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Scriabin: Piano Sonata No 3; Musorgsky: Pictures from an Exhibition

Alessio Bax (piano)
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Recording details: January 2015
Snape Maltings, Suffolk, United Kingdom
Produced by Anna Barry
Engineered by Mike Hatch & Chris Kalcov
Release date: September 2015
Total duration: 66 minutes 10 seconds

Cover artwork: Photograph of Alessio Bax by Lisa-Marie Mazzucco
 

Rising start pianist Alessio Bax presents a programme of works by Scriabin and Musorgsky. The sensual world of Scriabin is represented by his Piano Sonata No 3 (among the most imposing of the ten), an early étude and the left-hand prelude, while Musorgsky's supremely challenging Pictures from an Exhibition (in its original piano solo version) is joined by a new transcription of the riotous Night on Bare Mountain.

Reviews

'Winner of international prizes and invariably a Gramophone Editor’s Choice, Alessio Bax … shows himself a young aristocrat of the keyboard intent on purely musical ends. The disc is well recorded and lavishly presented' (Gramophone)» More

'All-conquering performances in fabulous sound; quite possibly my Recording of the Year' (MusicWeb International)» More

'Bax is young, powerful and a capable interpreter with a natural instinct for drawing out the beauty of a melodic line' (The Whole Note, Canada)» More

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In every sense one of Western music history’s singular figures, the Russian pianist and composer Alexander Scriabin has been, in equal measure, an object of cultish fascination and scorn. Both stem from his utterly unique artistic identity: the ravishing music that manifests that identity has won fervent admirers, just as the persona behind the music has drawn contempt. The self-absorption and off-putting egocentricity that so fueled Scriabin’s creativity—in a word, his messiah complex—make him an easy target for our derision. In 1905, Scriabin unveiled his Third Symphony, not merely as his latest composition, but as 'the first proclamation of my new doctrine'; from such grandiosity, the arc is not so difficult to trace to his unrealized fantasy-masterpiece, the Mysterium: a week-long ritual for orchestra, choir, dancers, and (naturally) piano soloist, involving lights, scents, and such esoteric elements as 'bells suspended from the clouds', to be performed on the Himalayas, and which would bring about the apocalypse.

But Scriabin’s eccentricities aside, his extraordinary oeuvre of piano music has endured, and, no matter the listener’s taste for the composer’s 'doctrine', these works warrant hearing on their own terms. 'The cycle of ten [piano] sonatas', writes pianist Jonathan Powell, 'is arguably of the most consistent high quality since that of Beethoven.' For Russia’s greatest pianists throughout the twentieth century, Scriabin’s piano music has been essential repertoire. (Count Scriabin himself among these, who lent his exceptional virtuosity exclusively to his own music in public performance.)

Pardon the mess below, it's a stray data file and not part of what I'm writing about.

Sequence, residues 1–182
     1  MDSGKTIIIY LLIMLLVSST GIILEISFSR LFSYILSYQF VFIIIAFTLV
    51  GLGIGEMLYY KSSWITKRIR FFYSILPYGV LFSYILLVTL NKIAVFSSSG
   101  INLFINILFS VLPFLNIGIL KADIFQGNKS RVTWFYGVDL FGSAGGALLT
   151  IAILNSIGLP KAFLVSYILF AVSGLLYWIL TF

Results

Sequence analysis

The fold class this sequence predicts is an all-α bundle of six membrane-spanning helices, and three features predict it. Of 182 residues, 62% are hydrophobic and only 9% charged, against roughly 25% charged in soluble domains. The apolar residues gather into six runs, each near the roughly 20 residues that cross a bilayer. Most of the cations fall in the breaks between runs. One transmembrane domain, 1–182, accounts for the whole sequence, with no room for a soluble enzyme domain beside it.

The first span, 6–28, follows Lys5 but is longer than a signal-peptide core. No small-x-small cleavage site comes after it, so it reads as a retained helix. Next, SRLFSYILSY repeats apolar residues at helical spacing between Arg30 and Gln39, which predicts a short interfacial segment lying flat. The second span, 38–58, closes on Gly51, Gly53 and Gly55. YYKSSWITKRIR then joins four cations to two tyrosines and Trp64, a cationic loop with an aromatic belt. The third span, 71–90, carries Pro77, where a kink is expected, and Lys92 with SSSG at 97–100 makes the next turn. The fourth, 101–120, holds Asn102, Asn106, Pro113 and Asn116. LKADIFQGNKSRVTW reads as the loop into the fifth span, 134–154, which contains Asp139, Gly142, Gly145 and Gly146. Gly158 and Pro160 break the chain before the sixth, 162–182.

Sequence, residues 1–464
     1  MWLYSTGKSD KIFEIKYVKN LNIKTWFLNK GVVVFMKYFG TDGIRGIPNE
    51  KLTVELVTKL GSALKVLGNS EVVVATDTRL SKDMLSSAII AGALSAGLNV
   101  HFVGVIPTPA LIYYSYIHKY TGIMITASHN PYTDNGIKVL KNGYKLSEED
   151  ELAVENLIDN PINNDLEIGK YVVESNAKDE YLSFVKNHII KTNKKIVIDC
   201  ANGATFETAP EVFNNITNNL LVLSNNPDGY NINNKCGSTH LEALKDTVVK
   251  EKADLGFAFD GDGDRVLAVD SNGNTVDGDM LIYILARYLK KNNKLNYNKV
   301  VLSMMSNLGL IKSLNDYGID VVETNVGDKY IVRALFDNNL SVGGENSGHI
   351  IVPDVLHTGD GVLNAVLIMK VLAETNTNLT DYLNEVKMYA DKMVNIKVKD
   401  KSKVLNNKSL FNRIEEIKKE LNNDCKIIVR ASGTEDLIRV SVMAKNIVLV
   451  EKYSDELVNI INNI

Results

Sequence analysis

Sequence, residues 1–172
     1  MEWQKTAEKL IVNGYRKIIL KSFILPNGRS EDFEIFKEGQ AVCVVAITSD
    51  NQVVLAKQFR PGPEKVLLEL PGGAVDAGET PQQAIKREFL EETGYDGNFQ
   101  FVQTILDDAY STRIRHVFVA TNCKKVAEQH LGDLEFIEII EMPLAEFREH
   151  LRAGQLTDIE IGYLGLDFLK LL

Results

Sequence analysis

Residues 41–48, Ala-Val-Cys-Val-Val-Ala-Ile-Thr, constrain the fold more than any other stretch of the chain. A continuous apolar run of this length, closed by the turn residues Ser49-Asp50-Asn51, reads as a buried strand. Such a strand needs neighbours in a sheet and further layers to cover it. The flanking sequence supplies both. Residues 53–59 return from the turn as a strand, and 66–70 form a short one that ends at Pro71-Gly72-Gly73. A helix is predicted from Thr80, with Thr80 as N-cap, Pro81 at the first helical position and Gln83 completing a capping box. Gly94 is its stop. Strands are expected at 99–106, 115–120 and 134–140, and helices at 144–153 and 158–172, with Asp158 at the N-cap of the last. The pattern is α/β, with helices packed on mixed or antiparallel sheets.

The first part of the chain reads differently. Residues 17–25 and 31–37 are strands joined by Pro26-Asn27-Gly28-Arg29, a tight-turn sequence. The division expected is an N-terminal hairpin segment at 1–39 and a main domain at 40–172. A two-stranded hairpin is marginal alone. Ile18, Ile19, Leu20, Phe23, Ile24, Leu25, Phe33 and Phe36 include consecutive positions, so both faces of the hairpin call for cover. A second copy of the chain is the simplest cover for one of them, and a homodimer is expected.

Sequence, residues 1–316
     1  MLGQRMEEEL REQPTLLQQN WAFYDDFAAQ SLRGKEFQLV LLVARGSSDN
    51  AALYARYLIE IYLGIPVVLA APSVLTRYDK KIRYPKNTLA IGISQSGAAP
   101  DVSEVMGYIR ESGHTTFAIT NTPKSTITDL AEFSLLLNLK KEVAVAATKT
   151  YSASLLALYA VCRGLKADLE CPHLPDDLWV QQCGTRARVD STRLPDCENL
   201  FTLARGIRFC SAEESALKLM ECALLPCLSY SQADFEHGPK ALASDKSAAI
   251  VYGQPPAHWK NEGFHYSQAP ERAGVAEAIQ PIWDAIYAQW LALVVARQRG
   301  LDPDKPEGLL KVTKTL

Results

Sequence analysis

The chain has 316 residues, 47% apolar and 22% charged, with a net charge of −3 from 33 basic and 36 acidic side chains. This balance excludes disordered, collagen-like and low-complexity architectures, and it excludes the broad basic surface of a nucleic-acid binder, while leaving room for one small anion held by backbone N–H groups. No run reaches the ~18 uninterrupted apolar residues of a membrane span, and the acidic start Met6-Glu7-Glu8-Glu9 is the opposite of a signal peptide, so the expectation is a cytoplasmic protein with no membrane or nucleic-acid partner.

This recording brings together three important early works from Scriabin’s sizable output of music for piano. The Étude in C sharp minor, Op 2 No 1, composed in 1886 when Scriabin was fourteen years old, is his first significant composition in any genre. The Étude bears the hallmarks of late Romanticism—a rich harmonic palette, an emotionally intense melodic sensibility—that characterize Scriabin’s music during this time. The influence of Chopin and Liszt is audible here, which would combine with that of such Russian forebears (Balakirev, Glazunov) to provide the foundation of Scriabin’s early compositional language.

Scriabin’s self-importance translated into hyper-competitiveness. In 1891, while a student at the Moscow Conservatory, Scriabin followed this impulse to maniacal practice of Liszt’s Don Juan Fantasy; after straining his right hand from excessive practice and receiving doctor’s orders to rest, he continued practicing with just the left, developing a strong and sophisticated left-hand technique. Three years later came the Prelude for left hand alone, Op 9 No 1, one of several works demonstrating this proficiency. The unfamiliar listener, with eyes closed, might never suspect the pianist is playing one-handed—so luxuriant are the textures Scriabin creates.

One of the signature works of Scriabin’s early years, and the masterpiece of his early piano writing, is the Sonata No 3 in F sharp minor, Op 23, composed in 1897. This is the work that most clearly asserts Scriabin’s artistic independence from the influence of Chopin and Liszt; it is also this rapturous Sonata that captivated one Tatyana de Schlözer upon her first hearing it in 1901, two years before she became Scriabin’s mistress.